We have been asked many times how IBAS help business bank customers with their bank litigation? The short answer is yes we do and we have done so over many years. Our aim is to gather important information which we know is necessary to assess legal arguments as soon after a bank demand as possible and before litigation is contemplated. Our experience is that laying the groundwork' for a successful litigation starts by preserving defences which exist, so they can be used if or when required. Banks will ' bully' in a number of ways to destroy the customer's case and they do not 'play fair', they are capable of many underhand tactics - particularly if they see your case as a potential threat to the bank. They will destabilize any threat where possible and they start at the first point of contact. IBAS has assisted in many cases which have been won by our members after litigation in the County Court, High Court and the Court of Appeal - so IBAS experience is important for those business banking customer in dispute with a bank. - if you send us an overview of your dispute we will assess how best we can assist.
From our research over time it appeared inevitable that UK businesses would continue to suffer at the expense of UK banks simply because the banks illustrated a constant desire for profit at any cost to UK businesses. Those continued bank excesses are illustrated by the colossal cost of PPI compensation now being paid. Although, many will not have received compensation for loss. The figures illustrates the tremendous damage caused to UK businesses by banks. Many businesses were forced into failure and bankruptcy by the banks excessive charging and deliberate profiteering evidenced by the many UK banks scams and cons orchestrated for profit, including PPI and SWAPS. But, many other money making schemes were used to profiteer from vulnerable business such as Royal Bank of Scotland's Global Restructuring Group and 'specialised' lending which were advertised as being 'a support and business restructuring arm of the bank'.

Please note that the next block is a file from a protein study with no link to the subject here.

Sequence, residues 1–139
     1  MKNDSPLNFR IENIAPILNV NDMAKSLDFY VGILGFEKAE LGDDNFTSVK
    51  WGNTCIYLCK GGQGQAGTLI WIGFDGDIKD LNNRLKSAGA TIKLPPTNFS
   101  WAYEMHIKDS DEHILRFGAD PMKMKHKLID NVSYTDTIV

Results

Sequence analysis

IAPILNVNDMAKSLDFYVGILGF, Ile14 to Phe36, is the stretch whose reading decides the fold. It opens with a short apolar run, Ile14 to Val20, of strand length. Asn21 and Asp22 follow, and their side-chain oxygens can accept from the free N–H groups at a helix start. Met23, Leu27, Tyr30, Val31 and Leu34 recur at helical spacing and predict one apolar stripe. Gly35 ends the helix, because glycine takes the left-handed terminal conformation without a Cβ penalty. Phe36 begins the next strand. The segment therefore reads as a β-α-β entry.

One issue that was highlighted in his Report (Business Secretary has referred a report about how RBS dealt with small business to City regulators) was the difficulties faced by many SMEs in obtaining access to legal advice to allow them to take action against the banks. That 'issue' has been a common theme in IBAS work since 1992.
IBAS UK Banking Litigation Report was first published in 1997. At that time our report evidenced the volume of banking cases which were legally aided (84%) and we did not have a figure for LIPs (Litigant in Person). Since that date driven by successive Government's desire to cut legal costs, legal aid has all but disappeared for the majority facing business bank claims for debt repayment. Those now facing bank claims for payment on Director's Personal Guarantees or business banking disputes need to organize their cases more efficiently and quickly as 'Litigants In Person' to properly defend the bank's claim as LIP's or if they have a worthwhile claim. However, litigation funding can now be obtained provided the 'case' can be proven to be commercially viable. IBAS can assess cases for viability - 13th December 2015
IBAS has obtained in excess of £21 million in refunds, write-offs and write-down of bank debt (we stopped 'counting' some years ago) from investigations of UK Business Banking Disputes. We stopped counting when we realized that for an individual, it is only their business banking dispute and their business banking problem which matters most. That's not too surprising, because it's their personal assets which are at risk from the bank's 'plundering' if their business fails and then it's their Director's Personal Guarantee which is 'called' for payment by the bank. If they own a house with or without equity, that will also be at risk from a bank's 'debt recovery operation'.
UK Banking Litigation Report
Bank customers facing litigation - introduction
IBAS Report on Bank Customers in Litigation - This report was compiled from 1200 questionnaires we sent to individuals known to have been involved in litigation in October 1996 - from the completed responses the report was then completed in early 1997.
- IBAS Report on Bank Customers in Litigation